Disability Insurance Benefits And Eligibility – Disclaimer: The following information provided here is for informational and educational purposes only and is not a substitute for legal or medical advice. All information obtained from www.ssa.gov.
The Social Security and Supplemental Disability Income programs are the largest of several Federal programs that provide assistance to people with disabilities. The Americans with Disabilities Act (ADA) defines a person with a disability as a person who has a physical or mental impairment that substantially limits one or more major life activities. This includes people who have a record of such an impairment, even if they do not currently have a disability. It also includes people who do not have a disability but are considered to have a disability. The ADA also makes it illegal to discriminate against a person based on that person’s association with a person with a disability. More. Although these two programs are different in many ways, both are administered by the Social Security Administration (SSA) and only people who have a disability and meet medical criteria can qualify for benefits under either program.
Disability Insurance Benefits And Eligibility
Social Security Disability Insurance (SSDI) pays benefits to you and certain members of your family if you are “insured,” meaning you have worked long enough and paid Social Security taxes.
What Is Disability Insurance And What Type Of Disability Income Policy Should You Buy?
Supplemental Security Income (SSI) SSI is a federal cash assistance program for those with limited income AND are either age 65 or older or blind or disabled. Adult SSI recipients must have limited income and resources ($2,000 in assets); parents’ income is not considered for adult applicants. You don’t have to have any work history. Monthly benefit payments are determined by the current benefit rate ($750 per month in 2018), minus any “countable income.” More pays benefits based on financial need.
SSDI provides benefits to disabled or blind people who are “insured” by workers’ contributions to the Social Security fund. These contributions are based on your earnings (or those of your spouse or parents) as required by the Federal Insurance Contributions Act (FICA). Title II of the Social Security Act authorizes SSDI benefits. Your dependents A dependent is someone who is supported by another person, such as a child who is supported by his or her parents. More may also be eligible for benefits based on your earnings record.
SSI is a federal program that provides monthly payments to people who have limited income and few resources. It is intended for people who are 65 or older, as well as those of any age, including children, who are blind or who have developmental disabilities.
Apply as soon as you become disabled. It can take three to five months to process a claim for disability benefits, but it can be processed more quickly if additional requests for information are handled in a timely manner.
May Is Disability Insurance Awareness Month!
You can start the process and complete much of your application online. You may be eligible to complete your application online if:
The Office of Disability Determination Services completes the initial determination of disability. State agency doctors and disability specialists will ask your doctors for information about your condition(s). They will consider all the facts in your case and use medical evidence from your doctors, hospitals, clinics or other institutions where you have been treated.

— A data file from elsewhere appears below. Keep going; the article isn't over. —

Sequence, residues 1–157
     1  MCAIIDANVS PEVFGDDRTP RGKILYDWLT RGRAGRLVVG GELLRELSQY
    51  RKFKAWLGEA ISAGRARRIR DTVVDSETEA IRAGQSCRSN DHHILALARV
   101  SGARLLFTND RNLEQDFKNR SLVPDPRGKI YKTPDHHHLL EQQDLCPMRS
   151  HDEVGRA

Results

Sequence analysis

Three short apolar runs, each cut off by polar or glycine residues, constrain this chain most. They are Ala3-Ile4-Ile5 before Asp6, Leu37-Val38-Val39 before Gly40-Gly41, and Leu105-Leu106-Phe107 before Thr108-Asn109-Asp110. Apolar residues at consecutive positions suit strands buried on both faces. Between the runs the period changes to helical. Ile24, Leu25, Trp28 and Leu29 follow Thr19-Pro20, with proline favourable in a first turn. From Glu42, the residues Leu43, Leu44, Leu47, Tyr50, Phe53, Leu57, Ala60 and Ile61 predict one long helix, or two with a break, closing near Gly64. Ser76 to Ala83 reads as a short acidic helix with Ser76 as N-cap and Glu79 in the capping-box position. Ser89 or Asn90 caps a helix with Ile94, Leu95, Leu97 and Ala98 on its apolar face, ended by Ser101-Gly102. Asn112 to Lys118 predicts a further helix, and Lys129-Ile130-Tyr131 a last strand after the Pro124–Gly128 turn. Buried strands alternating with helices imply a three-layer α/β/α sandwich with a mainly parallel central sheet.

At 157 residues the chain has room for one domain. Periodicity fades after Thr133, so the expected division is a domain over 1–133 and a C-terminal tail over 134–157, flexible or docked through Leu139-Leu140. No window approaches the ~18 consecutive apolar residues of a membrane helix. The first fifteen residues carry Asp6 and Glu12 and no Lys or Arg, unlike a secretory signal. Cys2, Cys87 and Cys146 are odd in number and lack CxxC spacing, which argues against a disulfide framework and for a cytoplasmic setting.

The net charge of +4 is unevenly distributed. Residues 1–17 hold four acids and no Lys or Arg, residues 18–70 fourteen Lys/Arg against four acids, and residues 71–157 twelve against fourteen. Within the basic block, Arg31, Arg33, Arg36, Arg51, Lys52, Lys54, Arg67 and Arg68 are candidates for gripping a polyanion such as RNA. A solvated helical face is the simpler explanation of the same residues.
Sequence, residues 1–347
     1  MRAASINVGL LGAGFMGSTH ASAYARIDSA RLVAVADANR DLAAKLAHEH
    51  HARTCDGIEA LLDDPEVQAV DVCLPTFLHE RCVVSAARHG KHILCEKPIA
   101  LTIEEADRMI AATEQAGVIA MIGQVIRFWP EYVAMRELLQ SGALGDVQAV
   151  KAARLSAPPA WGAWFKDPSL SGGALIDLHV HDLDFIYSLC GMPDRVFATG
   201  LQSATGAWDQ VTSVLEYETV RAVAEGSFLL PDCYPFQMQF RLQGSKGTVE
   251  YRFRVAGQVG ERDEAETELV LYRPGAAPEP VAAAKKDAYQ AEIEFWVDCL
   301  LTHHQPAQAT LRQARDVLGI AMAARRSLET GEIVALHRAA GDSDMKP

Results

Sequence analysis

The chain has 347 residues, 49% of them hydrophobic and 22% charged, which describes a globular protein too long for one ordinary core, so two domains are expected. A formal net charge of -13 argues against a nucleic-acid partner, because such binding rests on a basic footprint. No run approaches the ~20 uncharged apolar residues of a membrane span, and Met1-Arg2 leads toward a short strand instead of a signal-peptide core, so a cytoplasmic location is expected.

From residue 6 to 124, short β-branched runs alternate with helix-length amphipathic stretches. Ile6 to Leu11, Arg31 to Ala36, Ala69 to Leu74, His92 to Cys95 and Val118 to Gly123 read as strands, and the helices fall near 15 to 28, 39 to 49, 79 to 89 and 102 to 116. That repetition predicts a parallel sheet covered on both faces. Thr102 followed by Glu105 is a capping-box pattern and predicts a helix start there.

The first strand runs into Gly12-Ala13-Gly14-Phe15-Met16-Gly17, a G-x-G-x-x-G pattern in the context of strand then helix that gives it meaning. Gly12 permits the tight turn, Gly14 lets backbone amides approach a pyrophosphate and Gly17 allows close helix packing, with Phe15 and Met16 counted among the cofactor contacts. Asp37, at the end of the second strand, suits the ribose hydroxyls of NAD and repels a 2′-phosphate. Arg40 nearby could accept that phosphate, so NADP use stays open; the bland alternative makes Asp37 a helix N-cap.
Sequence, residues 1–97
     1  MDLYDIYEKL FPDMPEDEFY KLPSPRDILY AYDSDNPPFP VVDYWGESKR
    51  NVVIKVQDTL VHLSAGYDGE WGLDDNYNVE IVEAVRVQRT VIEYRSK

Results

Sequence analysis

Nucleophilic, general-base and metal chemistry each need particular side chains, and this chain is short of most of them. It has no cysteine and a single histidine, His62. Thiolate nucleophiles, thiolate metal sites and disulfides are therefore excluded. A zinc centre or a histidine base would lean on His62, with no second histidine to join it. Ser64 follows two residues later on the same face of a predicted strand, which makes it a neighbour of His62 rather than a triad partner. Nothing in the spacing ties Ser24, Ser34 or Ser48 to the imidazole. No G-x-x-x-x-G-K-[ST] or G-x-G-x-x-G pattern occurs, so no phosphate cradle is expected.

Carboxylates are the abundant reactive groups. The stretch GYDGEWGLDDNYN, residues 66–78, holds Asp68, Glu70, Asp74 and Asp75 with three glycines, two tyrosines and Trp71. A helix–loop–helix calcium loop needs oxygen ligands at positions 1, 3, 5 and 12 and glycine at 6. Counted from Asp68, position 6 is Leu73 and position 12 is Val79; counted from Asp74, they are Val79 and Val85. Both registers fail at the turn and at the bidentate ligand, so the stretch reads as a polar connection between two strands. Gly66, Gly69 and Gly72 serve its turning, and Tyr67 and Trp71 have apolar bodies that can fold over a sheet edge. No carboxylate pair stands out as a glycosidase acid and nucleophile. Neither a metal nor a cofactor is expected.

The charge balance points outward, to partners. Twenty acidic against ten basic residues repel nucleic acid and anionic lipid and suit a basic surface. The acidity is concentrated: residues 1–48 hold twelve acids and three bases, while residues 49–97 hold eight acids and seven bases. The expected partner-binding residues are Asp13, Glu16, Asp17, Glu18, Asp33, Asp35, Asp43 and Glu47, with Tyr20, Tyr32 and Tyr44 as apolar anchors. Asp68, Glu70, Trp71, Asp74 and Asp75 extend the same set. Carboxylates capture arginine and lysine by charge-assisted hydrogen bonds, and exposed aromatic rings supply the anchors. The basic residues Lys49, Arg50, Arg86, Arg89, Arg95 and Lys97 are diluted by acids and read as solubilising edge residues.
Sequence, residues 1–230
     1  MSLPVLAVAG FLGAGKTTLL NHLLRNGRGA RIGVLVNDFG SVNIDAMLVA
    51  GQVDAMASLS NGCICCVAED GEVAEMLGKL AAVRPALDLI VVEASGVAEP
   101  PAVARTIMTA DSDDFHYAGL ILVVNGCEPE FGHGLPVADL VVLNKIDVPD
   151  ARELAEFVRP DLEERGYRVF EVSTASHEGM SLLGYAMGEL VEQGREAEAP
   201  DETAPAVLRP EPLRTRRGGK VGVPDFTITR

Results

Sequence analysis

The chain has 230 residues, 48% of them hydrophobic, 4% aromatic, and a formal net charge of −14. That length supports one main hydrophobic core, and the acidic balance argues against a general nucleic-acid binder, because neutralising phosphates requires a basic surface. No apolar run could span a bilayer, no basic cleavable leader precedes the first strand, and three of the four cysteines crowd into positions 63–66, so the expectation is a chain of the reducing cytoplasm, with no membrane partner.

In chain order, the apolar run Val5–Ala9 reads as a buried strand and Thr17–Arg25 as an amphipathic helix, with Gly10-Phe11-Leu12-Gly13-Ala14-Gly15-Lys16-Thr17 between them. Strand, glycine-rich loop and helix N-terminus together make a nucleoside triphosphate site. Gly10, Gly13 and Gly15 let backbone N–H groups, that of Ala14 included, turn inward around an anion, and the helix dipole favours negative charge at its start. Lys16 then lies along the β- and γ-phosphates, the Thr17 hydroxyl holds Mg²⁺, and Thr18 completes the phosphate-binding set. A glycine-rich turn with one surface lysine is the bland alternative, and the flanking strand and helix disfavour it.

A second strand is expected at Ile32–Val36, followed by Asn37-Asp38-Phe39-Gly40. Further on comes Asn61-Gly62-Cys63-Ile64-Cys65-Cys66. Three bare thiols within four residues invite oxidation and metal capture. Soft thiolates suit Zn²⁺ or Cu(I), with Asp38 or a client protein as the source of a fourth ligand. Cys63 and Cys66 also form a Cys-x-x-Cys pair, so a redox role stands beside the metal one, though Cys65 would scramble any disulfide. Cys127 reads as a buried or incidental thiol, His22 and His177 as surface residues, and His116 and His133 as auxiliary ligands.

Once a decision has been made, you will receive a letter regarding the determination. If approved, the letter will outline your benefit amount, when your payments begin, and your reporting responsibilities. If it is not approved, the letter will explain why and tell you how to appeal the decision if you do not agree with it. No one wants to take a 40-60% pay cut if they get injured or go on maternity leave – especially after a decade of training plus thousands of dollars in medical or dental costs. Most employers provide short-term and long-term disability insurance as part of the benefits packages they offer to employees. Employer or group disability insurance policies are great if an injury interferes with your ability to see patients or perform surgery, but it probably doesn’t cover your full income. Many group plans only cover 60% (or less) of your income, which can be closer to 40% when taxes come around. Supplemental disability insurance for doctors, also called individual or private disability insurance, can help you bridge the income gap and reach 80% of your income, which is manageable if you become injured, ill or disabled. Disability can happen for many reasons. You might be thinking, “Now why in the world would I be thinking about that?” I am a young healthy person. I have never had any health problems. This is not something I need to think about now. “Maybe I’ll start thinking about that when I’m older.” The truth is, it’s never too early to start planning for your health. Disability insurance for doctors is critically important. You might not think anything could go wrong, but take a look at this list of common things you see and treat every day as a doctor. These are the top 10 causes of disability: Cancer Musculoskeletal Injuries Cardiovascular Pregnancy Nervous System Infectious Diseases Digestive System Respiratory Diseases Nervous System This infographic below shows disability in all shapes and sizes. Check out ours for more specific stats. What is Supplemental Disability Insurance for Physicians? Supplemental disability insurance is a type of insurance that insures a portion of your income. Just as auto insurance protects your car and home insurance protects your home, disability income protects a portion of your income lost due to disability, illness or injury. Disability income insurance ensures that money keeps coming into your household to pay the bills if you are unable to work and earn a living due to accident or illness. How does supplemental disability insurance work? To understand how disability income insurance works, let’s look at a case study. Dr. Sara recently graduated and has a job as an OB/GYN doctor at Lexington Hospital making $225,000 a year and has a group disability insurance policy. This means that the hospital (at no cost to her) has a group plan so that if she is unable to work due to illness, health condition or accident, they will pay her a portion of her income for an extended period. time. Sarah will file a long-term disability claim in this scenario. See her earnings in the picture below. In her case, the group plan would cover 60 percent of her earnings and they would pay her until age 65. The other caveat with a group plan is that they wouldn’t pay more than $10,000 a month, regardless of what 60 percent actually is. As you can see here in the chart above, her normal income is $18,750 per month. If she files for disability insurance, 60 percent of her $225,000 annual salary is $135,000. On a monthly basis that would equate to $11,250. $135,000 ÷ 12 months = $11,250 per month If Sarah can’t work – instead of earning $18,750 each month – she won’t earn the full $11,250 because she’ll hit that $10K per month limit. , resulting in a significant loss in revenue. Furthermore, it’s important to note that that $10k per month is still treated as taxable earnings for her, so after she pays income taxes, her take home pay will be closer to $6-7k per month. Would this be enough money to comfortably cover her monthly expenses such as your mortgage, groceries, utilities, car payment, child support, etc.? Is there a delay in the payment of disability insurance? For most disability insurance claims, disability income begins after the elimination period. For a typical short-term disability plan, it may start paying you 7-14 days after your injury or illness, while long-term disability has a phase-out period of 90 days or longer. In Sarah’s case, her $10,000-a-month disability benefits won’t start until she’s been unable to work for three months. The check usually comes at the END of the fourth month, so that’s one of the reasons why we always recommend having an adequate emergency fund. Although most disability insurance claims last about 34.6 months, long-term disability can also occur due to early-onset Alzheimer’s, musculoskeletal problems, or other unforeseen events. Whether the disability claim lasts for 2 years or 20 years, Sarah’s limit of $10k per month does not change. NO adjustment for inflation, no adjustment for cause of loss (COL). This static disability income is a feature often associated with group disability insurance, which is not the case with private or personal disability income insurance. With private or supplemental disability income insurance, there is much more flexibility in how the policy is designed to take into account inflation, future income and other important factors. What if you can go back to work, but not at the same capacity? Come on